Even in Colorado, it's supposed to be safe for plants after Mother's Day.
Not this year.
Gardeners who followed that rule of green thumb are probably regretting it after a chilly, wet spring storm closed out this week, bringing rain and freezing rain to Colorado Springs and snow to higher altitudes in the region.
The slow-moving storm that moved in late Wednesday and was expected to linger into Friday evening sent temperatures plunging overnight, from a high of 75 degrees on Wednesday to a low of 34 overnight Thursday. A frost advisory for El Paso County is in effect until 9 a.m. Friday, while the northern part of the county will be under a freeze warning until 11 a.m. Friday.
Snow isn't common in May, but it's also not unheard of. Only trace amounts of snow had been recorded in years past on May 18. The .01 inch of snow recorded at the Colorado Springs Airport was a record for the date.
The National Weather Service in Pueblo predicted a high of 44 degrees Friday and a low of 32 degrees - far below the day's average high and low of 70 degrees and 44 degrees.
At the demonstration garden in Monument Valley Park, gardening expert Diane Brunjes was working Thursday to guard roughly 2,000 flats of plants against what she expected to be the second hard freeze of the season overnight.
The plants were being set out for the Horticultural Art Society's annual sale and main fundraiser this weekend.
The sale runs from 9 a.m. to 5 p.m. on Friday and Saturday and 9 a.m. to 4 p.m. on Sunday at 222 Mesa Road.
With more thunderstorms in the forecast through Monday, Brunjes recommends that gardeners hold off on planting.
"I'd wait another week as least," Brunjes said. "You don't want to be digging in the soil because it could ruin the soil structure."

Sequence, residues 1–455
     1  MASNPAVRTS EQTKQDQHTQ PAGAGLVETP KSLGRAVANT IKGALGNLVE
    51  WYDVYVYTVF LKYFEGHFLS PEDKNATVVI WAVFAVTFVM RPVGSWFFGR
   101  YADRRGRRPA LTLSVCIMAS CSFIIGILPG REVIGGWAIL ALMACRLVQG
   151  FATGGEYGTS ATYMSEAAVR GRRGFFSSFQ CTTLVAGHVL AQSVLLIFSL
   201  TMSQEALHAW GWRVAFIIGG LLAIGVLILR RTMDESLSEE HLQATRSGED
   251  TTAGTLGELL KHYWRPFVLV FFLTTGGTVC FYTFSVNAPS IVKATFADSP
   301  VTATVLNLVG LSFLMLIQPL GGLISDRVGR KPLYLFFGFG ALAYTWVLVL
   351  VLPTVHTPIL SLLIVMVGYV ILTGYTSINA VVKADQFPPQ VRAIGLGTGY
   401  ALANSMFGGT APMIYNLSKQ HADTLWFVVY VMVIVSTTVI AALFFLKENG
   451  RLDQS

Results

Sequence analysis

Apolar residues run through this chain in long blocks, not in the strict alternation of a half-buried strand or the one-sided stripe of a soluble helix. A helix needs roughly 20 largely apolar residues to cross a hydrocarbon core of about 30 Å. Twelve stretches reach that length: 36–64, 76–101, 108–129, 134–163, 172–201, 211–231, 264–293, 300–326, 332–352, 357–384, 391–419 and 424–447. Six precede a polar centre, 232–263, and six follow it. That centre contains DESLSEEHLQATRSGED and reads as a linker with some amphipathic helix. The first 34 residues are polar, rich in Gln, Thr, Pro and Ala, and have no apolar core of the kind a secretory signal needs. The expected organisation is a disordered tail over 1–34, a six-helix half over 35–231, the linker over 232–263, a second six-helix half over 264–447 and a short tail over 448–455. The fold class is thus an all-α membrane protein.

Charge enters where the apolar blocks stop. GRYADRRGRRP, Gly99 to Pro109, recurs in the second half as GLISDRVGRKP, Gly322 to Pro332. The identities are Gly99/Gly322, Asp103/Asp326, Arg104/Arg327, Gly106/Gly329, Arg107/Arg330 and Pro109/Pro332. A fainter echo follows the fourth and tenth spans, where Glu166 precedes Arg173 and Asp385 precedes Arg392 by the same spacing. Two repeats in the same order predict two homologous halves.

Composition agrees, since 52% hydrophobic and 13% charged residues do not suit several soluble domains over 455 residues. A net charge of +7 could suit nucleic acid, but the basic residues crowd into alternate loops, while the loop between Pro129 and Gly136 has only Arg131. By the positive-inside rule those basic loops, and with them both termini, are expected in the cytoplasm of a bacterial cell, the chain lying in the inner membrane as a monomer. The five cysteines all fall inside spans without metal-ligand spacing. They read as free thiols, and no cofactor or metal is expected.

For true warm season plants, like tomatoes, she recommends waiting until after Memorial Day.
If plants are already in the ground, Brunjes suggests covering them with plastic, buckets, coolers, cardboard or bedsheets - anything that will help them stave off weather damage.
Plants are especially susceptible to the cold right now because many of them are in bloom. She estimated plants are flowering about 23 days ahead of last season.
"Once we get through this, it's going to be spring and summer again," Brunjes said.
While downtown Colorado Springs and the southern part of the city saw only brief snow showers, there was no mistaking Thursday for spring or summer in northern El Paso County, where 2 to 5½ inches of snow fell, said Randy Gray with the weather service. One Black Forest resident measured 8 inches of heavy, wet snow by mid-afternoon.
By the end of the day Friday, another 4 to 7 inches could accumulate on the north side, Gray said.
On Friday, less than an inch of snow is expected downtown.
Rain or snow - or a uncomfortable mix - is expected to continue into Friday night.
Denver up to the Wyoming border along the Front Range got it much worse than the southern part of the state.
The Colorado National Guard was sent out to Douglas, Larimer and Weld counties Thursday afternoon, and Rocky Mountain National Park says all roads on the park's east side have been closed because of heavy snow. Park spokeswoman Kyle Patterson said at least 2 feet had fallen in some areas by Thursday afternoon.
Much of central and northwestern Colorado was under a winter storm warning until 6 p.m. Friday.
The Associated Press contributed to this report.